republished below in full unedited for informational, educational, and research purposes:
The Communist Chinese government, through state-controlled corporations masquerading as private entities, is accelerating its plan to acquire control over deep water ports and major shipping lanes across the world.
The Sri Lankan government, heavily indebted to China, recently agreed to lease approximately 80% of a strategic port in the southern part of the country to a state-owned Chinese company for $1.1 billion.
The port of Hambantota lies along an important trade route connecting Asia and the Middle East, and is a key part of Chinese President Xi Jinping’s “one belt, one road” plan to expand Chinese control over key shipping lanes.
The United States refers to these strategic ports as China’s “string of pearls.”
China Merchant Port Holding Company, which purchased the lease to operate the port of Hambantota, is owned by the Communist Chinese government; specifically, it is owned via majority share by the China Merchants Group, a state-run corporation based in Hong Kong.
The same state-owned corporation maintains an 85% share over a large new terminal at the port of Sri Lanka’s capital, Colombo, as well as varying levels of control over ports in the African nations of Djibouti and Togo.
After acquiring 49% of Terminal Link, a portfolio of terminals run by struggling French container line CMA CGN, China Merchants Group gained access to the following ports: Antwerp and Zeebrugge in Belgium; Dunkirk, Le Havre, Montoir, and Fos in France; Casablanca and Tangiers in Morocco; Marsaxlokk in Malta; Abidjan in the Ivory Coast; Houston and Miami in the United States; Bussan in South Korea.
Another major state-owned corporation, COSCO Pacific, has minority control over the following ports: Antwerp, Suez in Egypt, and Singapore.
The Greek government was forced to sell control over the port, as well as control over 14 regional airports to a German-based company, in a desperate bid to satisfy EU creditors eager for repayment.
COSCO was at the center of controversy when the company sought to lease a former naval base at the Port of Long Beach, California after one of their ships was suspected of illegally trafficking firearms and was raided by customs officials in 1997.
President Bill Clinton was tied to the Chinese company that produced the firearms, Polytechnology, after a supporter escorted the company’s president, Wang Jun, into one of the President’s “White House coffees”, where he reportedly met with Clinton.
Clinton later said the meeting was ”inappropriate” and “an example of the failure of the White House to screen visitors rigorously.”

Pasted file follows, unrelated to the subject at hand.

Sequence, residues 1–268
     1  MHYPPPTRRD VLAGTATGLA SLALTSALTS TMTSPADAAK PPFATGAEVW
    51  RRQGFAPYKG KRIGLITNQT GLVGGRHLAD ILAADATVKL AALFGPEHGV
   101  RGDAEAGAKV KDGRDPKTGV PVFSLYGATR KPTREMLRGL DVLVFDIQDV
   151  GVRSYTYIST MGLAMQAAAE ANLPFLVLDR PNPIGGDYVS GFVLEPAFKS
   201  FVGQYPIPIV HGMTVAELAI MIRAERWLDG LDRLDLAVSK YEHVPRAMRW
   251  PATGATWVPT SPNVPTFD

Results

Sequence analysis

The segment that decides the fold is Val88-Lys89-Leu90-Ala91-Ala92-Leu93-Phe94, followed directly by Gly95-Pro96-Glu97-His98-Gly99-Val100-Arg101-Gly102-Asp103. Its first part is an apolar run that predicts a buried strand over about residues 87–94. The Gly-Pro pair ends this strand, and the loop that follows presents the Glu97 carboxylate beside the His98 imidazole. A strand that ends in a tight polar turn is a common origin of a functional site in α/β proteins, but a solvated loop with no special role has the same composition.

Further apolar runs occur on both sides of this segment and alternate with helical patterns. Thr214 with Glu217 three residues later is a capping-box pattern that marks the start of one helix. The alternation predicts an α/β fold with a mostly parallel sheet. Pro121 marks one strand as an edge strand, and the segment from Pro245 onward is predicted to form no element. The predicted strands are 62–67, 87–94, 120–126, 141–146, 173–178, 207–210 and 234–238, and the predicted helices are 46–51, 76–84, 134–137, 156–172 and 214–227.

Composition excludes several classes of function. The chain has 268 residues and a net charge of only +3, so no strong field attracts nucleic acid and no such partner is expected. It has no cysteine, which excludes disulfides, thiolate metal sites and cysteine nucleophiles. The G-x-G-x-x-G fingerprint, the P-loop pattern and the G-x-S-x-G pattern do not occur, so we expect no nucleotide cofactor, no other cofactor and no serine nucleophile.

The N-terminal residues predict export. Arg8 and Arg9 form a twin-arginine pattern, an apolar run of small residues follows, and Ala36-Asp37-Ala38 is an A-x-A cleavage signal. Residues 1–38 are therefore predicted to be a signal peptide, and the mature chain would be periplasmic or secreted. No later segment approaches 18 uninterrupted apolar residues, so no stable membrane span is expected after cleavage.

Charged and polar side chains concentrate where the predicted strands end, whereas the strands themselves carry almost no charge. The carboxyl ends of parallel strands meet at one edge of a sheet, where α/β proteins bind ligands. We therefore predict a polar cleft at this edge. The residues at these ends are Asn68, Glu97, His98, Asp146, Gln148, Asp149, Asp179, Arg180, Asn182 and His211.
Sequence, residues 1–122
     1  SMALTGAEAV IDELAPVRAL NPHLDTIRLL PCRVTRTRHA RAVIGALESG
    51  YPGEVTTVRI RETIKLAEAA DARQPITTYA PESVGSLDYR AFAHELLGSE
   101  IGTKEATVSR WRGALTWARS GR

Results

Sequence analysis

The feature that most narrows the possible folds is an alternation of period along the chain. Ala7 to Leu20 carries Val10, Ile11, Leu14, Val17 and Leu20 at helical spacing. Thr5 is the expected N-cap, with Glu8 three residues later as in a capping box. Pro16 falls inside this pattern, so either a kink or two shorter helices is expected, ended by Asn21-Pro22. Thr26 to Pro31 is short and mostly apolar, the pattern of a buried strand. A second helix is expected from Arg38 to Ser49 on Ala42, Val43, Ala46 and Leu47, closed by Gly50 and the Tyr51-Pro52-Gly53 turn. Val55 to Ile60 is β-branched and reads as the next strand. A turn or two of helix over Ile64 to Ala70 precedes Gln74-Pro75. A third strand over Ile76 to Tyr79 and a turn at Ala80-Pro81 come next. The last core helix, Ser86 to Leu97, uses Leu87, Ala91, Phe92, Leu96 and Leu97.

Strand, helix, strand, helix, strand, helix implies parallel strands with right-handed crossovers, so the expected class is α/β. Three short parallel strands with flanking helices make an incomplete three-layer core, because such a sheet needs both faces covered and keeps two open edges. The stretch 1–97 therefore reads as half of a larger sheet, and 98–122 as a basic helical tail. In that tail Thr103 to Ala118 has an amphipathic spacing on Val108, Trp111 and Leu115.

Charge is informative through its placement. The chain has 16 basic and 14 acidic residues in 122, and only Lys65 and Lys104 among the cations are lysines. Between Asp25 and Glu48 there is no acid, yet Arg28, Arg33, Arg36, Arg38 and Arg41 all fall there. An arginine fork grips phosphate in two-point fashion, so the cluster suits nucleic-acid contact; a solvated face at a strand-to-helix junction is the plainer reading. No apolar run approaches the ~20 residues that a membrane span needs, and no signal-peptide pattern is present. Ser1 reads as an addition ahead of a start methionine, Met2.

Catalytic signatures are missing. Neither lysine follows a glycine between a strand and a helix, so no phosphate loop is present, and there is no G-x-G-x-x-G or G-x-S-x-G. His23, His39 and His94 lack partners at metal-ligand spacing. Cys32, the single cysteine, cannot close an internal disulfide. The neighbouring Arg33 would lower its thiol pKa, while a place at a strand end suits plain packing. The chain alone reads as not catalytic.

The cash-strapped (and corruption-plagued) government of the Australian Northern Territories leased control over port facilities in the capital city of Darwin to the Landbridge Company, a company closely connected to the Chinese government, for $361 million late last year.
The 99-year lease raised concern among some in the United States as Marines use the base to train approximately six months out of the year. In addition, fuel storage tanks used by the Marines are situated directly on the land leased to the Chinese company.
Critics argued that China’s port control “could facilitate intelligence collection on U.S. and Australian military forces stationed nearby,” according to the New York Times.
Ye Cheng, chairman and founder of the Landbridge Company, was honored as one of the top “10 individuals caring about the development of national defense” by the Shandong provincial government in 2013.
The Landbridge Company’s website notes their strong ties to “state-owned companies like China National Petroleum Corporation, which supplies oil to Landbridge and allows them to sell it at retail pumps under the corporation’s name.
Panama Ports Company, a subsidiary of Hutchison Ports, maintains exclusive rights to operate ports at both ends of the Panama Canal (Balboa on the Pacific Ocean, Cristóbal on the Atlantic Ocean).
Hutchison Ports is a subsidiary of CK Hutchison Holdings, chaired by Hong Kong-based billionaire Li Ka-shing. He has close ties to the Chinese government, as does the company’s co-managing director and deputy chairman, Victor Li Tzar-kuoi, who served on the Standing Committee of the 12th National Committee of the Chinese People’s Political Consultative Conference.
As of 2006, over 60% of the container terminals at the ten largest ports in the United States were operated by a foreign corporation, with the number rising to 80% at the largest ports in Los Angeles and New York/Newark.